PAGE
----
Conversion of DB to DC plans

DC plans yield more predictable pension funding, but employers must tread carefully

Most employers with defined benefit (DB) plans are looking to contain their pension costs. Accordingly, many are switching to defined contribution (DC) plans in an effort to achieve more predictable funding costs.

However, making such a switch can be complex and does not immediately eliminate the funding obligations associated with the DB pensions already accrued or in pay. As part of switching to a DC formula for future service, employers will need to manage, among other things, how the prior DB pensions will be treated, how the new DC arrangements will be structured, and how and when such changes will communicated to employees.

Furthermore, while DC arrangements may yield more predictable funding costs, they nonetheless bring potential risks to plan sponsors. Unlike the United States, under its ERISA legislation, most Canadian jurisdictions have no "safe harbour" rules and plan sponsors are subject to fiduciary duties in relation to the administration of the plan, including the selection of investment options.

Converting or freezing

When switching to a DC arrangement, the accrued DB pensions for existing members do not automatically "convert" to account balances under the DC plan. Such conversion can only occur if the plan sponsor gives plan members a conversion option and individual members so elect to convert. Note too that a union cannot usually give such consent on behalf of its members.

Determining conversion values must be made in accordance with applicable regulatory policy and commuted value rules under applicable legislation. Further, any funding deficiency or shortfall in respect of converted benefits would need to be covered by the employer as part of the conversion.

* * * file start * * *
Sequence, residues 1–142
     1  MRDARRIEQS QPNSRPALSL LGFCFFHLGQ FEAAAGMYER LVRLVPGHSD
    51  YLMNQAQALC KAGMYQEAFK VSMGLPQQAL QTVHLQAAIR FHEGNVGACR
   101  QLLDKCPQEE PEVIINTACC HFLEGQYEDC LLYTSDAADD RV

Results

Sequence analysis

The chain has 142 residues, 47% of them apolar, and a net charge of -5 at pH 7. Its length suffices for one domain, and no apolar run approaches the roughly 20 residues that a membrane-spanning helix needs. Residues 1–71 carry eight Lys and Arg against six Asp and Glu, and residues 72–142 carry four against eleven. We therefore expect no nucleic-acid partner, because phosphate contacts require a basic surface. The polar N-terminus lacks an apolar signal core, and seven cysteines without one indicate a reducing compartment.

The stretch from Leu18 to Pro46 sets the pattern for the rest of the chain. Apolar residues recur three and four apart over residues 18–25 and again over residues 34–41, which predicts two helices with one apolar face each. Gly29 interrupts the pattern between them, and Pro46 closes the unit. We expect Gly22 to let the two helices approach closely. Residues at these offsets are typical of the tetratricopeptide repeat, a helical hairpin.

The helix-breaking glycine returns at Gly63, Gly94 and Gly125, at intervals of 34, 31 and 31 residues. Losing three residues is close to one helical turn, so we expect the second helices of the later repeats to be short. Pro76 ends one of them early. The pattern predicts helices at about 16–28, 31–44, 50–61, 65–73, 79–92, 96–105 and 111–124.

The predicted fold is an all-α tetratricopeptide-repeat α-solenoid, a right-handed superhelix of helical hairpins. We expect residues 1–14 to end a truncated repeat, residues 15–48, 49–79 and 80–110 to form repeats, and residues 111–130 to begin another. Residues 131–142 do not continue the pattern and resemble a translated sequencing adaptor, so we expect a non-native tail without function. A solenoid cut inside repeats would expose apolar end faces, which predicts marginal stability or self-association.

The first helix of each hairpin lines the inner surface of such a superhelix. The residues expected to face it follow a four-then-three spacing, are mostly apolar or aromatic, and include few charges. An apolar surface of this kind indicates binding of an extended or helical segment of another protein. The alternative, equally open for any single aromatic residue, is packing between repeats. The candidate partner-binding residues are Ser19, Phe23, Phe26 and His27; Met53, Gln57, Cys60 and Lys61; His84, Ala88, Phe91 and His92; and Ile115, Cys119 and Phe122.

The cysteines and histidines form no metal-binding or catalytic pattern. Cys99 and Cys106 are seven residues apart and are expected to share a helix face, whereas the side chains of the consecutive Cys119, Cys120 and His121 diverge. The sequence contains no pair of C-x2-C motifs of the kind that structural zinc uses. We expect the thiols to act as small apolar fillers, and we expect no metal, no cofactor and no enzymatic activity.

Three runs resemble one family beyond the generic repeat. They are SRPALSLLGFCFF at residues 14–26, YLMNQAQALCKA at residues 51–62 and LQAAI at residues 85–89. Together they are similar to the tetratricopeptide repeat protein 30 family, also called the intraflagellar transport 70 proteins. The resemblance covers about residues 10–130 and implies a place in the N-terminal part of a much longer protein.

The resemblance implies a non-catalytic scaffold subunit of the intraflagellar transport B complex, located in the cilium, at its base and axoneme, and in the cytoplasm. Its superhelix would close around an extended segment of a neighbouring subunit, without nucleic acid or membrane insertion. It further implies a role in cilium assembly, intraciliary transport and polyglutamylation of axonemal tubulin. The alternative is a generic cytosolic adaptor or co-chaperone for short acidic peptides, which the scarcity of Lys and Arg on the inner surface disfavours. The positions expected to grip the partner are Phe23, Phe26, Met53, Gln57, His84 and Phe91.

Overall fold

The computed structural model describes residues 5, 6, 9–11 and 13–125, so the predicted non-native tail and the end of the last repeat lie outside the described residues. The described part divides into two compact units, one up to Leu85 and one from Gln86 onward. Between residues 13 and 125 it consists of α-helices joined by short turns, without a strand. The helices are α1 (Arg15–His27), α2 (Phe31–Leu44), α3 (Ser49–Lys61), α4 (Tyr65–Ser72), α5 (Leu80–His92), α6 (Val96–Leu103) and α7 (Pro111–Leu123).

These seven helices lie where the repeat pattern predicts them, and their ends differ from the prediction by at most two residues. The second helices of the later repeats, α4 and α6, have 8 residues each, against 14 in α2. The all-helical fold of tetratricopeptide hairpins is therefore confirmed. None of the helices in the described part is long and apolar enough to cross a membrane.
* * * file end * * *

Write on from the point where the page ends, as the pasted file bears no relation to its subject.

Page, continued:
For those who do not elect the conversion option, the accrued DB benefits may remain "frozen." That is, members would still retain the right to receive a DB pension on retirement, but with no further accruals after the conversion date. Though frozen, employers would remain liable for any of the ongoing funding and administration associated with such benefits. Provided there are sufficient plan assets, employers often settle such remaining DB obligations by purchasing annuities.

Another issue is how the defined benefits will be frozen. Will it be a "hard freeze" where no further service or salary is recognized for defined benefit accrual purposes or a "soft freeze" where future salary increases are recognized (thus possibly increasing the value of the frozen benefit)? However, a hard freeze is not possible in all cases. For instance, Quebec's pension legislation mandates a soft freeze, and a recent case in Alberta found that its pension legislation may require a soft freeze depending on the plan's DB formula.

Structuring the change

Any change from DB to DC would need to be effected through amendments to the existing pension plan documents. Such amendments need to be carefully considered and drafted to ensure the changes properly reflect how past benefits are to be treated, and that the changes are consistent with terms of the existing plan documents and regulatory policies.

Employers whose pension plans are subject to collective bargaining may find that under the terms of the collective agreement or the pension plan they are prevented from changing plan design absent union consent.

New plan rules will need to be drafted to reflect not only the new DC benefit formula, but also the various rights and obligations of the employer and plan members in respect of the DC arrangements. Furthermore, consideration needs to be given when structuring the DC arrangement and its related funding agreements should an employer wish to use any DB plan surplus to offset employer contribution obligations for the DC arrangement.